On the other hand, it must be pointed out that the US has no obligation to introduce any stimulus at all.  If you listen to the right in the US like the Heritage Foundation you quickly realize that the necessity of stimulus (rightly or wrongly) is hardly a consensus position.  A policy of no stimulus would however amount to a beggar-thy-neighbour policy. That is, the US would be widely (and rightly viewed) as free-riding on other nations’ stimuli.

So how does a US stimulus package with the buy American provisions wash out on the free trade-autarky spectrum?   And it is a spectrum because no country can ever perfectly occupy one pole or the other.  Part of the problem lies in how even those who should know better explain the situation.  Paul Krugman argues thus:

“Now ask, how would this change if each country adopted protectionist measures that “contained” the effects of fiscal expansion within its domestic economy? Then everyone would adopt a more expansionary policy — and the world would get closer to full employment than it would have otherwise. Yes, trade would be more distorted, which is a cost; but the distortion caused by a severely underemployed world economy would be reduced. And as the late James Tobin liked to say, it takes a lot of Harberger triangles to fill an Okun gap.”

That all sounds very good but there is a slip-up right in the first sentence “…if each country adopted protectionist measures that “contained” the effects of fiscal expansion within its domestic economy.”  However, the buy American policies do not attempt to contain the all of the effects of the stimulus within the domestic economy.  What they do attempt do is to contain the first round effects of the stimulus within the domestic economy.   That is, the buy American provisions are only partially protectionist in that they do not attempt to contain the second round effects of the stimulus to the domestic economy.

For example, imagine that a state government takes some stimulus money for an infrastructure program say 200 million.  The initial 200 million is spent on locally sourced material and labour but that is where the protection stops.  The incomes and profits earned from that 200 million is free to be spent (the second round effects) on any goods or service no matter of its country of origin (well ok not Cuba Iran or S-Korea).   Thus the second round effects of US stimulus will still leak out to the rest of the world.  It is so odd to see a New-Keynesian like Krugman miss this point given the whole basis of the effectiveness of stimulus relies on a multiplier.  The buy-American provisions do not apply after the first link in the chain of the multiplier.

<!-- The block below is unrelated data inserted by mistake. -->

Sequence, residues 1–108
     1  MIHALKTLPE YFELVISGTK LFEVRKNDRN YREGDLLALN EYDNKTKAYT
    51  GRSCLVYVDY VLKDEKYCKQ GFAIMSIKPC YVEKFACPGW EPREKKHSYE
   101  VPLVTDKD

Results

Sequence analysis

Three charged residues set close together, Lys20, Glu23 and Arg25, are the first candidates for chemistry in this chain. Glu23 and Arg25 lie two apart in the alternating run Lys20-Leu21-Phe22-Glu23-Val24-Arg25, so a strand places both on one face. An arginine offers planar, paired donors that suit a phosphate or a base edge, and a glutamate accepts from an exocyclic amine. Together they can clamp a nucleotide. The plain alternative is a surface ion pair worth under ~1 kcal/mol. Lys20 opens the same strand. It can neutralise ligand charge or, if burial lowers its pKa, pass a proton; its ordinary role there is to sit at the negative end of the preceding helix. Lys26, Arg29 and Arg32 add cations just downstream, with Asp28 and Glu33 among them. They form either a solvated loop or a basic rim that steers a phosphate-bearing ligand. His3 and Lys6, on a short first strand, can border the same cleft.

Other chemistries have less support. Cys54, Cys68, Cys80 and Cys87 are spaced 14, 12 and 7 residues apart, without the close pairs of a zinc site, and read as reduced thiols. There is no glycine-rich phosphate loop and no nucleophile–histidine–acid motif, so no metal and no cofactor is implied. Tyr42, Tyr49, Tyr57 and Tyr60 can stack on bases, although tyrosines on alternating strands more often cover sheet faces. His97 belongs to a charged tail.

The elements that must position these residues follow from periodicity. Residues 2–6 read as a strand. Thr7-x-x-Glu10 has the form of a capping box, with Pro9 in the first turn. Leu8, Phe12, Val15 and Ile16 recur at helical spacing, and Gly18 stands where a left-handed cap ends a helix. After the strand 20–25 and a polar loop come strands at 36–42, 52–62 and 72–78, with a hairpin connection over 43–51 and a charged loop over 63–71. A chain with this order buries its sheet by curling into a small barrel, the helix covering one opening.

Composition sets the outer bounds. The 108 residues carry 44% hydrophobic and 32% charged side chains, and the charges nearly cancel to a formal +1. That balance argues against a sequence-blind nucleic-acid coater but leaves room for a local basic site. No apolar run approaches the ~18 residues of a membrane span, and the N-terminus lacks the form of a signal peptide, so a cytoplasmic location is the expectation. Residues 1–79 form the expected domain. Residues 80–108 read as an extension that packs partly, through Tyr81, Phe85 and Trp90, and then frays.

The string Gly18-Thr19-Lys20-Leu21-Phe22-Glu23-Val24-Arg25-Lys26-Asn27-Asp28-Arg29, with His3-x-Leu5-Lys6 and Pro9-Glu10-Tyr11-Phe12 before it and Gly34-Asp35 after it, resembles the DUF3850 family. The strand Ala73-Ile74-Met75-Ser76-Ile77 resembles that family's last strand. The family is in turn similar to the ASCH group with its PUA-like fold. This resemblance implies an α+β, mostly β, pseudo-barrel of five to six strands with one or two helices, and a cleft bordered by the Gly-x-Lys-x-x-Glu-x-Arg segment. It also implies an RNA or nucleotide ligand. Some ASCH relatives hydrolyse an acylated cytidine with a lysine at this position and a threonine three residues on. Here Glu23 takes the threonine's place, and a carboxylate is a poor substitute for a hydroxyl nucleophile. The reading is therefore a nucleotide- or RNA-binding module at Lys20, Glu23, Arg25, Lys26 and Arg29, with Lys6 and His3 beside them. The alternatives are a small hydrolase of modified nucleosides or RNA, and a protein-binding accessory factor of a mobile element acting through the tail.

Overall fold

Given the degree to which the production of goods and services is globally integrated and given that the buy-American provisions do not contain any calls for erecting barriers to trade in general such that the protectionism only applies to the first round effects of the fiscal stimulus it is hard to argue that this is the thin edge of Autarky’s wedge.

Moreover, there remains the problem of free-ridership by other nations.  The extreme case would be where the US was the only nation to engage in stimulus.  This is, of course, not the case other countries are engaging in stimulus of their own.  So the question of free-ridership comes down to degrees.  China, Japan and then the US have announced by far the biggest stimuli: well over 4 % of GDP (by some measures China’s totals 18% of GDP!  Cut that in half and it still pretty impressive).   Canada sits with Europe, including England, in the cheapo-seats not even managing to achieve 2% of GDP with their stimulus programs.   And curiously it has been Canada and Europe who have been crying the loudest about the tepid protectionist elements of the buy-American provisions.

If I was a US legislator I might conclude that Canadian continentalists were fair-weather friends as well.  And interestingly in Canada, the continentalist establishment which includes almost every major media outlet—including the CBC—was more than happy to focus on the buy-American provisions of the US stimulus package instead of focusing on how the inept, incoherent, ineffective and paltry Conservative stimulus package meant that Canada was basically hoping it could have an economic recovery on the cheap by begging-off of Asia and the US.

Such, I suppose, is the state of nationalism in Canada.

Stimulus as a % of GDP

Japan: (+/-) 15
China: (+/-) 9-18
US: (+/-) 5-7
Germany: (+/-) 1-2
France: (+/-) 1.4
UK: (+/- ) 1.1
Canada: (+/-) 1.5 *Reuters